New Clallam Bay School principal is familiar face

By Arwyn Rice
Peninsula Daily News

CLALLAM BAY — Clallam Bay School will get a new principal for the 2013-2014 school year, and his face will be familiar to area residents.

Neah Bay High School teacher and athletic director Mark Herndon was selected to take over the 130-student rural school after the present principal, Stephanie Teel, departs.

His wife, Melanie Herndon, serves as the Clallam Bay school librarian, and their three children attend the school.

Herndon, who was hired briefly as principal at Clallam Bay two years ago, relinquished the job to return to Neah Bay. Both schools are in the Cape Flattery School District.

At the time, he wasn't quite ready for the job, he said Wednesday, but after years of being mentored by Neah Bay Principal Ann Renker, Herndon was again offered the job.

“Neah Bay is an incredible story that I've been proud to be part of,” Herndon said.

Lessons learned

Many of the lessons he learned there, he said, will apply to Clallam Bay — once he has settled in and let the experienced staff there show him what it is they need from him as a leader.

Herndon said Clallam Bay School also has shown recent improvements.

“They can be very proud of what they are doing, too, with their test scores,” he said.

He is also a chief petty officer in the U.S. Navy Reserve at Naval Magazine Indian Island, where he works with ordnance.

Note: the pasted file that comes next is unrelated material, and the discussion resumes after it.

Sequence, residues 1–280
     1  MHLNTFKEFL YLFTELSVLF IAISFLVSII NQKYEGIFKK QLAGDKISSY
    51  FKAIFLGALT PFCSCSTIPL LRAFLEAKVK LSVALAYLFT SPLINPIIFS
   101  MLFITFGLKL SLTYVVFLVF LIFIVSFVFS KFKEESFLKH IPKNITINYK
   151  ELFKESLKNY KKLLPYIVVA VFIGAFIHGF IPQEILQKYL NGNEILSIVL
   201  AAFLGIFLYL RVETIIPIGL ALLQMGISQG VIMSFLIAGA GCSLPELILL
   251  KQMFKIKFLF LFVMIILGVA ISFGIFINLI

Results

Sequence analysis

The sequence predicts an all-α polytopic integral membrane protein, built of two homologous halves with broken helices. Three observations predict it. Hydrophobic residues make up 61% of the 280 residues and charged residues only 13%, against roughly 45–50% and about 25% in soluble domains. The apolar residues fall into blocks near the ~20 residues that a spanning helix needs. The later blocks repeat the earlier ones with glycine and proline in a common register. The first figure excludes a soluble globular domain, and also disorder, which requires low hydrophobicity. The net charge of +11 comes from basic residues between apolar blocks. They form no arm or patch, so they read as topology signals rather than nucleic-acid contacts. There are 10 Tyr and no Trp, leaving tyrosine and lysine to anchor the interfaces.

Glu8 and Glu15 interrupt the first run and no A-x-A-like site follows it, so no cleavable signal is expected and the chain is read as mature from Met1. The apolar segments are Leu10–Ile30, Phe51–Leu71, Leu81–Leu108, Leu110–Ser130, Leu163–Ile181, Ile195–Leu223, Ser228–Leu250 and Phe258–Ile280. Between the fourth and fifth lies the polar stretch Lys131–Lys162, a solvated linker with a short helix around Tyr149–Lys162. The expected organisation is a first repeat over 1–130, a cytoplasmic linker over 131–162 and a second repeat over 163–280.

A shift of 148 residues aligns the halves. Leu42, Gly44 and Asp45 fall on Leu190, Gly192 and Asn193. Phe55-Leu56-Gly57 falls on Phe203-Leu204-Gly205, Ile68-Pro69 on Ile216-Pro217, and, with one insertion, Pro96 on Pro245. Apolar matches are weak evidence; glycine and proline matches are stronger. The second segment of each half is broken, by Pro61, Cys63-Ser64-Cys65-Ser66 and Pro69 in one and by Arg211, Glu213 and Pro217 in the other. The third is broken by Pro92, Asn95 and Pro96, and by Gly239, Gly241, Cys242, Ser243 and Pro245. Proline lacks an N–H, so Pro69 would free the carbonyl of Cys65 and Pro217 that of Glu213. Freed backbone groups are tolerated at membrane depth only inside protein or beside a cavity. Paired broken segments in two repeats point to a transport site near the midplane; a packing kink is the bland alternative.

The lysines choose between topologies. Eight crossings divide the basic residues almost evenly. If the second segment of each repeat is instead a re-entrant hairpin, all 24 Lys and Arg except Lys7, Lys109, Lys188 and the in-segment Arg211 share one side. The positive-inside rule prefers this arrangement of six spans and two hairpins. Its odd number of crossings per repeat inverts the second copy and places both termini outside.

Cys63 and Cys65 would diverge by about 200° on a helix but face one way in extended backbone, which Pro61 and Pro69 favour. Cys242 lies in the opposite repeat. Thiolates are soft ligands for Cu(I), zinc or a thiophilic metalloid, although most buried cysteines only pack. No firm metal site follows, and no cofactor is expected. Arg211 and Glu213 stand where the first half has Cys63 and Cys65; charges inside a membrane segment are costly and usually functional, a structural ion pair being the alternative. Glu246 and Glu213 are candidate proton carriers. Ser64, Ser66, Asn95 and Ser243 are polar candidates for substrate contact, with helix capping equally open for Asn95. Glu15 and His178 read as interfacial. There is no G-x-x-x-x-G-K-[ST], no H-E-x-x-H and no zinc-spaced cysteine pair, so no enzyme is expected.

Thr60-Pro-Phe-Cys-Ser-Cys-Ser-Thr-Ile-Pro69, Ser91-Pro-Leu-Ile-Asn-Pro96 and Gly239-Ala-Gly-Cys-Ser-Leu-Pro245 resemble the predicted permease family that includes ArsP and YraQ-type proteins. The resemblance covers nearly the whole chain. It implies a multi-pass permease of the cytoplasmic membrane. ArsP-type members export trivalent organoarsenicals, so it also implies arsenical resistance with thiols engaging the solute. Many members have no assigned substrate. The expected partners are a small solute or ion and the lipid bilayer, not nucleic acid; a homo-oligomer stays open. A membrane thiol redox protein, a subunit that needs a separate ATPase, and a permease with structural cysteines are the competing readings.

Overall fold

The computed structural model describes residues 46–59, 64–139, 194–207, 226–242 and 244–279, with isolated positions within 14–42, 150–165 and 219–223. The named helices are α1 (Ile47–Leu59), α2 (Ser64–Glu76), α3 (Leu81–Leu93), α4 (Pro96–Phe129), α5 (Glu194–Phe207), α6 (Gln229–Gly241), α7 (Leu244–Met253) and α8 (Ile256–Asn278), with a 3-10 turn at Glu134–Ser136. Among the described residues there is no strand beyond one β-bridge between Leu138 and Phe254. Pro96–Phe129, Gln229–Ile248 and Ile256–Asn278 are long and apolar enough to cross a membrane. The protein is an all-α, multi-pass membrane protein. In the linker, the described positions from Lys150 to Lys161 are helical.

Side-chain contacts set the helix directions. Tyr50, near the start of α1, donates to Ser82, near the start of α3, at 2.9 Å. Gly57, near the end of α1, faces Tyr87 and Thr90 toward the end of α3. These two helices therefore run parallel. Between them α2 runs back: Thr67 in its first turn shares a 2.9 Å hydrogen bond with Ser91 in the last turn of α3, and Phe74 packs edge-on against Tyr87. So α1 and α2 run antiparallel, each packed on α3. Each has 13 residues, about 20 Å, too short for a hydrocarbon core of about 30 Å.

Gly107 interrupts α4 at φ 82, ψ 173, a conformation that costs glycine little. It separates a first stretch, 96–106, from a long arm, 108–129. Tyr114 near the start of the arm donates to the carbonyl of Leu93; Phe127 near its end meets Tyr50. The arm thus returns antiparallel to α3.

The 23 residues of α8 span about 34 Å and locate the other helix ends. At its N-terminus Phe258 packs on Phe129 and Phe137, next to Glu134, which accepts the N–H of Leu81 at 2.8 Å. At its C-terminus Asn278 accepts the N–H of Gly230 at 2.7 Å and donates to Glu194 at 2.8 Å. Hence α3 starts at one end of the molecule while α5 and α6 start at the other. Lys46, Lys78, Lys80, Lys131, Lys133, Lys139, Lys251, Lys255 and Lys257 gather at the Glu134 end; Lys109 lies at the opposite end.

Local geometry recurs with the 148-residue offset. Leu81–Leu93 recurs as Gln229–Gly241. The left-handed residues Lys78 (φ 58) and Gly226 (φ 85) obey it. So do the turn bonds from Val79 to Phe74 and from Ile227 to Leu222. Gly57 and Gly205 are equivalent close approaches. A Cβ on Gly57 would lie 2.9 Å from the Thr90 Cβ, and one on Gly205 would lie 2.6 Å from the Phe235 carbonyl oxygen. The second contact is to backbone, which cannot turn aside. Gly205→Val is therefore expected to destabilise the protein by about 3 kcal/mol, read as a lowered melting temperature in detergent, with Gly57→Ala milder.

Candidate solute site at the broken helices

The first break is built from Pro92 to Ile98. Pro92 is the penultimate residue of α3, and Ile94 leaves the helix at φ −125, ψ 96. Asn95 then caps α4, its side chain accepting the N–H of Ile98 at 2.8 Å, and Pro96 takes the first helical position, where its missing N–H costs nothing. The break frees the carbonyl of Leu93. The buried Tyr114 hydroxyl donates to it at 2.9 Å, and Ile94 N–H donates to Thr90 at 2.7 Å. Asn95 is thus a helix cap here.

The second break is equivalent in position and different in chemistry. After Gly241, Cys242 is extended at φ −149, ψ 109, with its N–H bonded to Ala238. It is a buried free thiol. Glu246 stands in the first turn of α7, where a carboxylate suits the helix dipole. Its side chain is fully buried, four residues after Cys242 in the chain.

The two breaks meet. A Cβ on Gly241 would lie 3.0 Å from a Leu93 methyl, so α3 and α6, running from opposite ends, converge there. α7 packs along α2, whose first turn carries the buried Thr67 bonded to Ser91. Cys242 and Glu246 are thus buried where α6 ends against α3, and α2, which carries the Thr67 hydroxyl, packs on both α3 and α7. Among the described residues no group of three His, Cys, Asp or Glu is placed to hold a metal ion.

Teel, who has served as principal of the kindergarten-through-12th-grade school, was hired to be principal of Onalaska Elementary and Middle School in the Onalaska School District.

She has been principal at Clallam Bay for two years and came to the school after a career in elementary school education in Arizona.

Dealing with a wide variety of ages at Clallam Bay gave her a better idea of how what happens in kindergarten affects what teachers see in students in high school, Teel said.

Recently, her proudest achievement is that every high school student who sat for the winter end-of-course algebra exam, a new state graduation requirement, passed it, she said.

About 12,000 seniors — more than 16 percent — of the 72,000 seniors in Washington state had yet to pass the exam as of April, according to a state report.

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Reporter Arwyn Rice can be reached at 360-452-2345, ext. 5070, or at arwyn.rice@peninsuladailynews.com.

Last modified: June 15. 2013 5:25PM
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